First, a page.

- Language: English
- 58 Pages
- Published: October 2011
- Region: North America, United States
Latin America Contact Center Applications Market
- Published: February 2010
- Region: America, Latin America
- 101 Pages
- Frost & Sullivan
The Latin American contact center applications market reached $508.1 million in 2008, a growth of 11.1 percent when compared to 2007. The first semester of the year presented a healthy growth, but as economies slowed in the fourth quarter, purchase decisions were extended and contact center projects began to slow down.
Key Market Trends:
Migration to IP: The migration to support IP networking in contact centers is in full swing as enterprises continue to converge their voice and data networks. The majority of enterprises are operating on hybrid (part TDM and part IP) networks at this point as the full migration to IP is likely to take several more years. One of the benefits of operating on IP networks is that virtualization of contact centers can be made easier and less costly. A growing number of enterprises ar econsolidating their contact centers into a smaller number of centrally managed centers, which support the remote locations without the need to physically locate the contact center systems at these locations.
Down Economy and Tight Budgets as well as Tight Credit: Many companies, including those which had planned to replace legacy inbound contact routing systems and buy new IP contact center solutions, have placed these plans on hold as the capital budget have been slashed. In addition, the credit crisis is making it very difficult for many companies to borrow money to buy new or expand the existing systems. Additional and higher levels of management approvals are being required for purchase decisions, which are making the decisions more difficult and slowing decision cycles. End-user budget constraints are likely to continue being significant restraints for the sales of ICR systems. This is particularly true for companies, which view their customer service groups and contact centers primarily as cost centers.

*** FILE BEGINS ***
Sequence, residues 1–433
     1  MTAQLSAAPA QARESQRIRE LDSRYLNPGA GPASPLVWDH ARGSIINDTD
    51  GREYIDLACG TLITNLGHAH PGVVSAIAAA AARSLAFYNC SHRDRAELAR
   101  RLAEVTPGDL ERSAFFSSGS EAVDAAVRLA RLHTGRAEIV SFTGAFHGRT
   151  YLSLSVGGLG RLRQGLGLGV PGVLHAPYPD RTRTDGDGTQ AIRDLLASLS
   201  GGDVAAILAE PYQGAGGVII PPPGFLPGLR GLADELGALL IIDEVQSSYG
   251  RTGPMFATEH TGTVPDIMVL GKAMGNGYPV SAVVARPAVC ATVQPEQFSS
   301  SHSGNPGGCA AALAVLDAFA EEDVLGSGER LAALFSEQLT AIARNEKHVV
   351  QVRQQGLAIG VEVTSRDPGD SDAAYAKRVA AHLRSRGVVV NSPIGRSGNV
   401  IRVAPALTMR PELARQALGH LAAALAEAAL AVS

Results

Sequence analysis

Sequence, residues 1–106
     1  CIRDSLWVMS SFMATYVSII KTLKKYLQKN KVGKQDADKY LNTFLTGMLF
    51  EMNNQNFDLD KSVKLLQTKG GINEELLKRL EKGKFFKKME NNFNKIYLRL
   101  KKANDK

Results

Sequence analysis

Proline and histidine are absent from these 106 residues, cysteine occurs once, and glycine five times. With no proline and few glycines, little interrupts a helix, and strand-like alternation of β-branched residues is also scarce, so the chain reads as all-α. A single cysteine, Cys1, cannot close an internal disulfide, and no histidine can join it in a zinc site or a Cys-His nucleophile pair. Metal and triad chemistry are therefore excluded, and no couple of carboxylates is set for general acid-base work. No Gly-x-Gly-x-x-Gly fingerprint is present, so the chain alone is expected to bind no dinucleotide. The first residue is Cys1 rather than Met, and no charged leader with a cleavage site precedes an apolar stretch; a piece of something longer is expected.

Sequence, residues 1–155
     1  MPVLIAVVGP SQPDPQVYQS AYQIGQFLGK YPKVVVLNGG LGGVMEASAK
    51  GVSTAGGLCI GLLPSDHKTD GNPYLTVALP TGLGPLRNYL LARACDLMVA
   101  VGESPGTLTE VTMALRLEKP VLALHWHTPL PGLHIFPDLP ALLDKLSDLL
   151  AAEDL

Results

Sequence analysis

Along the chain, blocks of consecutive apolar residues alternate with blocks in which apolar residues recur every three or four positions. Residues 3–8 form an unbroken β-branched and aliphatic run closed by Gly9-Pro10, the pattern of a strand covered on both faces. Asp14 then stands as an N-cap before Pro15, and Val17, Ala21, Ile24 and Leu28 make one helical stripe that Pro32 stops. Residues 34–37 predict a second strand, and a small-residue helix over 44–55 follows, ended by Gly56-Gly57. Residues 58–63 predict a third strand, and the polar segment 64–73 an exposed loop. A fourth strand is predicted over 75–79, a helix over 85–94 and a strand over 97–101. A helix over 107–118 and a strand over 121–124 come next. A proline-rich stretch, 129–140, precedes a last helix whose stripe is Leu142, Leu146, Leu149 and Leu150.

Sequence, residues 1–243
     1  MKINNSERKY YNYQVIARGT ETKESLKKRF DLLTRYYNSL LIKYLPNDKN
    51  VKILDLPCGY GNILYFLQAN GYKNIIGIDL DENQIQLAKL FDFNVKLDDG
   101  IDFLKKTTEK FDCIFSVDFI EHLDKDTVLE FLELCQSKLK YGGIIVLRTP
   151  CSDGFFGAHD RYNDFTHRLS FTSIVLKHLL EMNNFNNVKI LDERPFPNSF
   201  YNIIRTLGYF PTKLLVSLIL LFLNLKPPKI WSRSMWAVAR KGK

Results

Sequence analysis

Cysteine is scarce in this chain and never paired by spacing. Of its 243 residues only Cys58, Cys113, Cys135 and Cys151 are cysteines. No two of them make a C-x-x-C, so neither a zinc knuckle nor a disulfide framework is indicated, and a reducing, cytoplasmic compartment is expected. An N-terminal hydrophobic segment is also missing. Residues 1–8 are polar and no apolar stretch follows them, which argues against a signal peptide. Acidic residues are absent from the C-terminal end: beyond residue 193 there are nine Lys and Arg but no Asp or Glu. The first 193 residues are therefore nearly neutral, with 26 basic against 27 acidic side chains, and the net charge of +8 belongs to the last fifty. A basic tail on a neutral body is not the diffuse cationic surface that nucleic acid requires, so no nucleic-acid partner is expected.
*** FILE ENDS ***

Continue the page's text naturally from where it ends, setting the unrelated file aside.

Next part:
Uncertainty Created by UC Movement: Definitions of unified communications (UC) vary greatly. For some enterprises, UC is the latest incarnation of unified messaging and conferencing. For others, UC covers all of their enterprise-wide communications strategies. In addition, business cases for UC, often based on enterprises’ worker productivity improvements, are unclear. To the extent contact center solutions are included in an enterprise's UC planning this uncertainty affects those solutions.
Products becoming Commoditized: The shift to more common architectures based on industry standards is making ICR systems more and more similar to each other. Vendors will be challenged to differentiate their systems as this trend continues and the market matures.
Analytics: Contact center agent activity reports are not going away, but there is a growing demand for more sophisticated and real-time analysis tools for contact centers. Operational efficiency is the primary driver for advanced reporting/analysis tools in most contact centers, but some are also interested in finding deeper and more predictive insights into their customers’ behaviors and values. Two issues are restraining the widespread adoption of analytics in contact centers. Firstly, many contact center managers do not have a clear understanding of what analytics can do for them or even a clear view of what they would like analytics to do. Secondly, due to the lack of clarity in demand, it is not surprising that business cases for the use of analytic tools in contact centers are also often unclear.
Widespread Negative User Perceptions of Self-service: Poor self-service application designs are the primary cause. In Regions where personal interactions are highly regarded, such as Latin America, extensive usage of IVR and voice portal systems may be perceived by customers as bad and insensitive treatment from companies who deploy these self-service applications.